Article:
There is an 18 screen theatre, with no I-Max. There were a couple of specials aimed at locals – Tuesdays is “$3 Senior Discount Day” and Wednesday is “Free Popcorn Day.”
There is a 70 lane bowling complex upstairs. Unfortunately, access requires a trip through the casino, so it is not kid friendly. It sponsors a wide variety of leagues, another indication of the “locals casino” theme. It is not PBA rated.
Daycare / Kids
There is daycare through “Kid’s Tyme”. The rate was $6 or $7 per hour, depending on the day, and they take ages 3-12. Daycare is upstairs in an area that also has an arcade and the movie theatres.
Altogether kids can go to the movies; play in one of two arcades; go swimming or bowling.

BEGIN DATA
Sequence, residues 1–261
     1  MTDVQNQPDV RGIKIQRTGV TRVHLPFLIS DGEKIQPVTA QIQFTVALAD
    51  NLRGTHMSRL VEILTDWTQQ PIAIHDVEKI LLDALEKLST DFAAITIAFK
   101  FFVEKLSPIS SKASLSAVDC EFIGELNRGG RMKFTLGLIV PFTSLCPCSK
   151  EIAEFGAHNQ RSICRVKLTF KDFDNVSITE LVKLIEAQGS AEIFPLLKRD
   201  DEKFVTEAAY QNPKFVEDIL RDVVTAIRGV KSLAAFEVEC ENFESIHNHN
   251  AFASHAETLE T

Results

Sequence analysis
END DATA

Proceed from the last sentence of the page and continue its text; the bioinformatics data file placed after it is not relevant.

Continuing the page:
There is a small gift shop for tourists. However, the stand out shopping opportunity was the excellent liquor/wine store. They offer a wide variety of low to mid price wines (up to about $30 per bottle), Champagne (up to about $45 per bottle), and a huge variety of other alcohols. I haven’t seen a shop like this at any other casino: a pure and simple liquor store with an emphasis on wines and exotic liquors. This store is clearly aimed at tourists (locals know better places to buy booze).
Yes. For example, a 50 minute “Tropical Sugar Wrap” cost $100, and a Vitamin C Facial (that doesn’t sound quite right) was $105. A steam bath cost $10.
You have to go through the spa to get to the exercise room. It had about 20 machines, free weights, overhead TVs, and a great view of the pool area. It was in full use when I visited around 9 AM on Thursday.